AGU Financial Stewardship

As an international nonprofit scientific association dedicated to building a thriving, sustainable and equitable future supported by discovery, innovation and solutions, AGU knows that financial accountability is critical to our work.

AGU’s volunteer Board of Directors is responsible for the overall health of the organization and oversees our business affairs. The Finance and Investment Committee — chaired by the General Secretary and reporting to the AGU Board — guides and reviews AGU’s financial operations and investment performance in partnership with the EVP of Finance & IT.

View of an ocean pier and sky at sunrise in Puerto Rico


AGU is financially strong. We were able to weather the financial challenges posed by the pandemic and other disruptions of 2020-2022 by leveraging our reserves and pivoting to virtual offerings where feasible. For 2022, AGU’s budgeted revenue is $48.4 million and expenses $53.8 million, with a projected deficit of $5.3 million. The board has adopted this deficit budget to maintain and rebuild core programs in the short term while investing in long-range strategic programs that advance the mission and strengthen our financial position.

AGU Compensation Approach

Attracting the very best talent and leadership is core to AGU’s mission to solve pressing scientific and societal challenges. The Board has approved a compensation structure that enables AGU to attract, reward, and retain top talent by offering competitive salaries. These salaries are required to keep AGU on par with a range of nonprofits as well as for-profit organizations that compete for the highly skilled technical and leadership candidates needed to advance the critical work of Earth and space scientists globally.

AGU has periodic assessments of its compensation policies and framework to ensure that compensation is fair and competitive. Third-party compensation experts have certified that AGU compensation falls well within IRS guidelines for nonprofit organizations and is on par with market levels.

AGU Reserves Policy

AGU’s Board has established a policy to build and maintain adequate reserves to support the organization’s day-to-day operations in the event of unforeseen shortfalls and disruptions (such as the pandemic) and for investment in special mission based initiatives as approved by the Board. This policy, which is reviewed annually requires AGU to maintain a minimum reserves balance equal to 100 percent of annual operating expenses (based on the average for the past three years).

The Board can approve any reserves over this required minimum to be invested in strategic investments or operations. At this time, AGU invests 6% of reserves back into the organization in addition to the budgeted allocations for strategic programs and services that benefit the community of Earth and space scientists. This investment percentage can be changed by the Board at its discretion.

AGU Membership and Programs

AGU has always strived to maintain membership dues and program costs at affordable levels for all Earth and space science community members. The dues are regularly below what other scientific societies charge.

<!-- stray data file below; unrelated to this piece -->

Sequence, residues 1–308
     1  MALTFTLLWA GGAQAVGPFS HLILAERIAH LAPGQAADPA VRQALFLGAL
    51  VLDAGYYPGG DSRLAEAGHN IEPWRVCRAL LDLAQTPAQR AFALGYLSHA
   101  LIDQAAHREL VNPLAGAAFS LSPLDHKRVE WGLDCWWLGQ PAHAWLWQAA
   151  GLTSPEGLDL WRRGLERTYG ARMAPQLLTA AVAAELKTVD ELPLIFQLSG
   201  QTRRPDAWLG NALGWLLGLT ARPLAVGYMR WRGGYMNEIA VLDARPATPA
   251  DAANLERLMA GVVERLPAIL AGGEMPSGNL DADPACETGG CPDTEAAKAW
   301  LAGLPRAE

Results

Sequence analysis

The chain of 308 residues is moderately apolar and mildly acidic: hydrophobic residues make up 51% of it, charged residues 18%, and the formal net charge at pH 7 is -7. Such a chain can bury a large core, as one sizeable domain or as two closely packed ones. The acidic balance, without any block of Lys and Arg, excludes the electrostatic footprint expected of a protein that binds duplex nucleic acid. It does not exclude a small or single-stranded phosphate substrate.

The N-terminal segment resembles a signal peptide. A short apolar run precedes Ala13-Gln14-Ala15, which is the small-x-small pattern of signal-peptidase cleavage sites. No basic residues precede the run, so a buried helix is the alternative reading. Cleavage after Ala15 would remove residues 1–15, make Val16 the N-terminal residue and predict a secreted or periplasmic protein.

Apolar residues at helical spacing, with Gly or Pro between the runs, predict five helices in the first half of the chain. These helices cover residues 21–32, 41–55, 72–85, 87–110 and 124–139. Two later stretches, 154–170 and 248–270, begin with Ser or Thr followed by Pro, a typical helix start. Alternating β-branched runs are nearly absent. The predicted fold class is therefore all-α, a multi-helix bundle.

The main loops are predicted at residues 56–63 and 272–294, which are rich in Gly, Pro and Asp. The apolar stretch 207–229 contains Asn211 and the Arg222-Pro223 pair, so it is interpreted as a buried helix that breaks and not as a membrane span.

AGU members receive an array of benefits — access to 23 respected journals; a subscription to Eos, our renowned science news magazine; steeply discounted registration to the AGU Fall Meeting and other meetings; access to online communities and special interest groups to get feedback and resources from peers and experts; opportunities to earn honors and recognition — and more. In a member survey conducted by an external group, 84% of AGU members say they receive high value for membership.

While key activities such as meetings and publishing are intended to be self-sustaining, AGU uses revenue from these activities to fund a variety of non-revenue generating programs to benefit the Earth and space science community. For example, the Voices for Science program trains scientists to advocate for science policy and conduct media and community outreach. The Sharing Science program provides community members with opportunities to highlight the value of Earth and space science by communicating with the public, media, K-12 audiences, and/or policymakers. AGU's Thriving Earth Exchange program helps scientists, community leads and partners work together to solve local challenges related to natural resources, climate change and natural hazards. Mentoring365 helps individuals who are interested in the Earth and space sciences community connect with other professionals who can help them find a job and take advantage of structured, relationship-building tools and resources to advance their careers and education. AGU also provides career and educational resources, webinars, and support to inspire and educate present and future generations of diverse, innovative, and creative Earth and space scientists in their career journeys.

AGU strives to benefit the Earth and space science community through broad access to its in-demand publications. Authors have opportunities to share draft manuscripts and published articles. AGU also supports governmental and institutional repositories and offers open access to AGU content, usually 12 months after publication.